Turning to early Christian authors, Payne attempts to undermine the authenticity of 1 Cor 14:34–35 by noting that none of the Apostolic Fathers cite the text. Payne goes so far as to argue that Clement of Alexandria (c. AD 150–215) possessed a manuscript missing 1 Cor 14:34–35. For when Clement discusses the behavior of women in church (Paedagogus 3:11), he cites 1 Cor 11:5, 13 but not 1 Cor 14:34–35, even though elsewhere in the same work he cites 1 Cor 14:6, 9, 10, 11, 13, 20. But Clement’s failure to cite 1 Cor 14:34–35 is better explained by the following proposal, which also explains its absence from the Apostolic Fathers: Clement and the Apostolic Fathers before him knew that 1 Cor 14:34–35 was not Paul’s position but was a quotation of the Corinthians’ position that Paul proceeded to refute. So of course they did not cite 1 Cor 14:34–35 as authoritative. This explanation is supported by the fact that Tertullian (c. AD 200), writing at about the same time as Clement, cites 1 Cor 14:34–35, as do the Greek church leaders Origen (AD 253–254), Chrysostom (AD 407), and Theodoret (AD 466).
Despite Payne’s assurance that interpolation “provides the most satisfying answer . . . and it does so on a factual, not speculative, basis,”15 Payne’s defense of the interpolation hypothesis is, in the end, based on speculation—albeit carefully considered speculation. We have seen that the evidence for the existence of hypothetical manuscripts lacking 1 Cor 14:34–35 is weak. Moreover, Payne’s date for the proposed interpolation strains credulity. Since the earliest witness to 1 Cor 14:34–35, P46, likely dates between AD 126–138, Payne needs for the interpolation to have occurred at an extraordinarily early date. And this is exactly what he proposes:
The gloss could have been entered into the margin of any manuscript that became the exemplar . . . of the first copy of Paul’s collected letters as a codex. The gloss could even have been written into the very first codex collecting Paul’s letters sometime late in the first century.16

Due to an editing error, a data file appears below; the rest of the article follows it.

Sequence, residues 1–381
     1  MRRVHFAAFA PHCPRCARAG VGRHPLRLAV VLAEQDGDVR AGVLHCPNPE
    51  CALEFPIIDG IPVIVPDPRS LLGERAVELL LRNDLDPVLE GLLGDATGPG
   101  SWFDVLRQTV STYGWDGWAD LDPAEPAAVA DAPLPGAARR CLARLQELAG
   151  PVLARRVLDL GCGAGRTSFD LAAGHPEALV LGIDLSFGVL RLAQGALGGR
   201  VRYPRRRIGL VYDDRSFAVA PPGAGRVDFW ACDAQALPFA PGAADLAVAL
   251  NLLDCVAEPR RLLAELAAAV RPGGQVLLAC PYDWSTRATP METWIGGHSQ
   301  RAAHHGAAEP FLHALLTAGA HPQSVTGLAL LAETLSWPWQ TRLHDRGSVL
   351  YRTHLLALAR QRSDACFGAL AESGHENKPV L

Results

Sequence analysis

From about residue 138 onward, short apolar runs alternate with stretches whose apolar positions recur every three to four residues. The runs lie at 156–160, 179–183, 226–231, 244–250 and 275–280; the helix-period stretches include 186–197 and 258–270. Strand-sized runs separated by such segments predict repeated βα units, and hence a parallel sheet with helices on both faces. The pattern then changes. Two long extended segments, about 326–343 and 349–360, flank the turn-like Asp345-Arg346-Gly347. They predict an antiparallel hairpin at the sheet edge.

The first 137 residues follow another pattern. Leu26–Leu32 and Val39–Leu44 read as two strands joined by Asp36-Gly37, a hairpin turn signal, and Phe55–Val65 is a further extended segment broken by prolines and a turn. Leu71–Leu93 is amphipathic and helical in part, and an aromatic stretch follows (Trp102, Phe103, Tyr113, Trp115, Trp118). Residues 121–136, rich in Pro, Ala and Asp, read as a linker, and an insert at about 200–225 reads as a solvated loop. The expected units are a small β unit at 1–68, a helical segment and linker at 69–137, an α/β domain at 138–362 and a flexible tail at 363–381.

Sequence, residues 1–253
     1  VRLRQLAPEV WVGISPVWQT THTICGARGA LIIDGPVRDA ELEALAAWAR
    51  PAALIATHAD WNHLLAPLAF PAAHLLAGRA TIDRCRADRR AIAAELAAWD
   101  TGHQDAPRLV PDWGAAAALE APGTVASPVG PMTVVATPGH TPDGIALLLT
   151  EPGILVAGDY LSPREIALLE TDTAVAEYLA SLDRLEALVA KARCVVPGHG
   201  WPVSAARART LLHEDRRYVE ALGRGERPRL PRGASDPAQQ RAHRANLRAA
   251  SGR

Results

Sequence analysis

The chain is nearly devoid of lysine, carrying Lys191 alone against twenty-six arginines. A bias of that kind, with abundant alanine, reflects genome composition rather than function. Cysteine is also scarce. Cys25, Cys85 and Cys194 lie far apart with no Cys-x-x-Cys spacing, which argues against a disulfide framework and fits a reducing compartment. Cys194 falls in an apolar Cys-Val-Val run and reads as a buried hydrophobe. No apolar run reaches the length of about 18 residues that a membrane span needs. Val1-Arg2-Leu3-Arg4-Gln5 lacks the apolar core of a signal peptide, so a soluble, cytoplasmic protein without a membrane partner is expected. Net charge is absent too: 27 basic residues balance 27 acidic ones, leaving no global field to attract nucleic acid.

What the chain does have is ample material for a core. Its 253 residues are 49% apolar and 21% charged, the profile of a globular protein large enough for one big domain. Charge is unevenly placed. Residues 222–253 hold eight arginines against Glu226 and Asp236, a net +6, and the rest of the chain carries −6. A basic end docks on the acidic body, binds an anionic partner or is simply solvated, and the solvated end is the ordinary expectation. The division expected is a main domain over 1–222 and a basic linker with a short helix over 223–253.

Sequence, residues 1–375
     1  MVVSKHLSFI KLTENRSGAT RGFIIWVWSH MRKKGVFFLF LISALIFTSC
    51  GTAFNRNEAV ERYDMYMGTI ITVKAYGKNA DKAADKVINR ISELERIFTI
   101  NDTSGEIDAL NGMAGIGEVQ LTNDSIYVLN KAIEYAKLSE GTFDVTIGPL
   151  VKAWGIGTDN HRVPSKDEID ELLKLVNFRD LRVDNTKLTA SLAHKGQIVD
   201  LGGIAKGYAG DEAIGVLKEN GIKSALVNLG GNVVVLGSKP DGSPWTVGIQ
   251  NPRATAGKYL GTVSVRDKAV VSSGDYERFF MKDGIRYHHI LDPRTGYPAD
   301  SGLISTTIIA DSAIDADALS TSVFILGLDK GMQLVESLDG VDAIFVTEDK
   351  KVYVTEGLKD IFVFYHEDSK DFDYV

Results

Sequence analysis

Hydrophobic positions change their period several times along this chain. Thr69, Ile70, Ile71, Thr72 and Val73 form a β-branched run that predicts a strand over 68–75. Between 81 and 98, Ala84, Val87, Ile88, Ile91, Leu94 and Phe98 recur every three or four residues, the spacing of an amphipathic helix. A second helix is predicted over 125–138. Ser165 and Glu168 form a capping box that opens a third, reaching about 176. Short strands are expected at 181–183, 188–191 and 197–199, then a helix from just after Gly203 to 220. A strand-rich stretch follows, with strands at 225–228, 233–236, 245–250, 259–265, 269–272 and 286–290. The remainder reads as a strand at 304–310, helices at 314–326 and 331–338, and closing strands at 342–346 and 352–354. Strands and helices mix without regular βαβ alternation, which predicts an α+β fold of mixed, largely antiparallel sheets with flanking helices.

Payne defends this proposal on the grounds that it alone adequately explains the entirety of the manuscript evidence and fulfills the foundational principle that the form of the text best explaining the emergence of all other forms is most likely the original.17 But my thesis better explains the manuscript evidence, requiring no hypothetical manuscripts for its plausibility: 14:34–35, though pre-Pauline, was original to 1 Cor, and near the turn of the fourth century a “Western” scribe who wrongfully believed these verses to be Paul’s opinion, but saw that they interrupted the chiasm of Paul’s argument, moved them back where he thought they originally must have stood.
Contrary to Payne’s assertion that an interpolated 1 Cor 14:34–35 “does not undermine the reliability of any other passage,”18 the most troubling aspect of the interpolation hypothesis is that one could use the same type of logic to falsely threaten the reliability of numerous recognizably sound NT passages contained in the earliest relevant witnesses but omitted from later witnesses.19 Limiting myself to examples from the Gospels, this logic would allow one to make interpolation cases—even stronger than the case for 1 Cor 14:34–35—for Matt 21:44 (“And whoever falls on this stone will be broken to pieces, and anyone on whom it falls will be crushed”), Matt 27:16–17’s identification of Barabbas’s given name as “Jesus,” Mark 1:1’s identification of Jesus as “the Son of God,” Mark 10:7’s phrase “and be united to his wife,” Mark 14:30 and 72’s description of the cock crowing “twice” and “the second time,” Luke 17:24’s phrase “in his day,” Luke 22:19b–20 (“‘which is given for you; do this in remembrance of me.’ And in the same way, after the supper he took the cup, saying, ‘This cup which is poured out for you is the new covenant in my blood’”), John 1:18’s identification of Jesus as “God,” John 9:38 (“Then the man said, ‘Lord, I believe,’ and he worshiped him”), and John 13:32’s phrase “If God is glorified in him.”20
The Quotation-Refutation Device Hypothesis